Gary Birnbaum, MD
Do I really have MS?
Paper #1 - "Better explanations" in multiple sclerosis diagnostic workup:
A 3-year longitudinal study.
Calabrese M, Gasperini C, Tortorella C, Schiavi G, Frisullo G, Ragonese P, Fantozzi R, Prosperini L, Annovazzi P, Cordioli C, Di Filippo M, Ferraro D, Gajofatto A, Malucchi S, Lo Fermo S, De Luca G, Stromillo ML, Cocco E, Gallo A, Paolicelli D, Lanzillo R, Tomassini V, Pesci I, Rodegher ME, Solaro C, group R.
Paper #2 - Incidence of multiple sclerosis misdiagnoses in referrals to two academic centers
Marwa Kaisey, MD, Andrew J. Solomon, MD, Michael Luu, MPH, Barbara S. Giesser, MD, Nancy L. Sicotte, MD
Multiple Sclerosis and Related Disorders
May 2019; Volume 30, Pages 51–56
1. Criteria for making a diagnosis of MS have changed greatly in the past several decades.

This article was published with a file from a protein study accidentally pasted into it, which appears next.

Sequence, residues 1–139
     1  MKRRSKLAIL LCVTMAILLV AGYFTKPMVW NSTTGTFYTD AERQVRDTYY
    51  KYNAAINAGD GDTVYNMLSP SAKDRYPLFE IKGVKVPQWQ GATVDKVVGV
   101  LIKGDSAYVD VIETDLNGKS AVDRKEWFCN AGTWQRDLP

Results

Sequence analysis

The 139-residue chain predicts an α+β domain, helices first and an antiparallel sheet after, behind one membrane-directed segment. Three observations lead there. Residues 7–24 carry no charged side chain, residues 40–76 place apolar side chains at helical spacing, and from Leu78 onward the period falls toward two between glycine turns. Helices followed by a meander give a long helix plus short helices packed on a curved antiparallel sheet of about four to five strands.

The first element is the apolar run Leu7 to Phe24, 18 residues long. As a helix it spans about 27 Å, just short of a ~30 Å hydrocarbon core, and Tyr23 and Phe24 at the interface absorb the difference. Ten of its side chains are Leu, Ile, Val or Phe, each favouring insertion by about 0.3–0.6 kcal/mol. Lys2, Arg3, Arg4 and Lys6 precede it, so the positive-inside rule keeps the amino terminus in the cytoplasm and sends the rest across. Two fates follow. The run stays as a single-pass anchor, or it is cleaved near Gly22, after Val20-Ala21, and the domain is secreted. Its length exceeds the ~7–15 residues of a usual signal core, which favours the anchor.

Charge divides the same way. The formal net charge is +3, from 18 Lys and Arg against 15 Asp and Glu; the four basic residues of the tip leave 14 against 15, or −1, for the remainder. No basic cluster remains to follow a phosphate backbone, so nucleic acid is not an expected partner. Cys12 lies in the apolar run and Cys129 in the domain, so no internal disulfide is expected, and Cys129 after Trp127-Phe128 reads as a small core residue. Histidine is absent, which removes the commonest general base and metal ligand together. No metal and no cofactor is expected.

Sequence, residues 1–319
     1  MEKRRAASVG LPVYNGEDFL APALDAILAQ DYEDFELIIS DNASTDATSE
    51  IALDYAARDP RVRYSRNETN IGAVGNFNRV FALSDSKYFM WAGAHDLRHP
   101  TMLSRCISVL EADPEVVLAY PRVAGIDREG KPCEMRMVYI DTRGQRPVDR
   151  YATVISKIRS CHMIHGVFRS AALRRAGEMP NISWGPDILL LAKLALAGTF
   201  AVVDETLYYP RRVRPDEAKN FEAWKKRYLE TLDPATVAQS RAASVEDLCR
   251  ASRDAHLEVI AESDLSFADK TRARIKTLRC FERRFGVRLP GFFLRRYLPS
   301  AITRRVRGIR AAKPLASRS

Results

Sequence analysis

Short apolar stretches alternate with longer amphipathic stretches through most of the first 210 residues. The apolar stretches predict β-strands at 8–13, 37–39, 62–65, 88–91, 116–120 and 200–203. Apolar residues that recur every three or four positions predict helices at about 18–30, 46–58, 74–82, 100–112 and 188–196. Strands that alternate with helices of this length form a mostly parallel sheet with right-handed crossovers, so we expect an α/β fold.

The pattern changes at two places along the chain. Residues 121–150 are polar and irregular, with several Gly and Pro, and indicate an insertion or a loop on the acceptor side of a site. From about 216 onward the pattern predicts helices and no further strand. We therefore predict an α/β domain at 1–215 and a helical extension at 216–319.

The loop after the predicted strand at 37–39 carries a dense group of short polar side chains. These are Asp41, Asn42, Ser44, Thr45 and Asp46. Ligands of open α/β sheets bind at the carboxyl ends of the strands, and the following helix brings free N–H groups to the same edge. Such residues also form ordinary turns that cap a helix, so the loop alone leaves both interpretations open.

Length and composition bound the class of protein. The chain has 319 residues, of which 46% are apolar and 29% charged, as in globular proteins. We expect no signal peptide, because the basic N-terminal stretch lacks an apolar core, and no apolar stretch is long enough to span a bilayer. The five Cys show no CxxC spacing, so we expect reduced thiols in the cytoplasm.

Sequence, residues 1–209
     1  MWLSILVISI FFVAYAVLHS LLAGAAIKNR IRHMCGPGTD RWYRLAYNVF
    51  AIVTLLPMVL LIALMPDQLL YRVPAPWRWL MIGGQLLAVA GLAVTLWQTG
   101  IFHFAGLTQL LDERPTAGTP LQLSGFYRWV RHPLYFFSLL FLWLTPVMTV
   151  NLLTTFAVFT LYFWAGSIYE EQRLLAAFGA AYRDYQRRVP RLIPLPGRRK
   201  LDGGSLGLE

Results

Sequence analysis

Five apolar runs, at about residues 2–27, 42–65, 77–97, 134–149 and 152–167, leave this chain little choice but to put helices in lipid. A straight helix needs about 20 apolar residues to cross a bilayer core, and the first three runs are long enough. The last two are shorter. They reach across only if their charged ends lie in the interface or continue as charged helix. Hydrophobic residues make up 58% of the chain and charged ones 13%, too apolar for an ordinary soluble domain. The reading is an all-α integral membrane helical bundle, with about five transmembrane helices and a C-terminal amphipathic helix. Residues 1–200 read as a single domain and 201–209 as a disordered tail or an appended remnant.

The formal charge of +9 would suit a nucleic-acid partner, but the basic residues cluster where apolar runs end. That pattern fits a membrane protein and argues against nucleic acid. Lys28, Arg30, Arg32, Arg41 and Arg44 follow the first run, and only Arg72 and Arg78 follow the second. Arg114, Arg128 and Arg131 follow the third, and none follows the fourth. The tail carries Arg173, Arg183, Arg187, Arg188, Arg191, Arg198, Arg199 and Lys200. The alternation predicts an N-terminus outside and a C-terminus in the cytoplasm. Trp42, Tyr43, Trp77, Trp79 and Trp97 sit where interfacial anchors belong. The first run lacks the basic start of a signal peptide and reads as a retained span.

2. The most recent criteria were published in 2017. They emphasized the need to show disease activity in different parts of the central nervous system occurring over different periods of time periods (so called “dissemination in time and space”). They also emphasized the importance of having “typical” changes on central nervous system MRIs and to have evidence of central nervous system inflammation in the spinal fluid (“oligoclonal bands of antibodies”).
3. None of the symptoms or signs of MS are only found in MS. Thus, it is essential to exclude other diseases that may mimic MS.
4. Two recent articles from MS specialty centers examined the accuracy of an MS diagnosis on patients referred to them for a second opinion. The first study involved patients referred to 22 specialized MS center in Italy. The second study evaluated patients referred to two MS centers in the United States.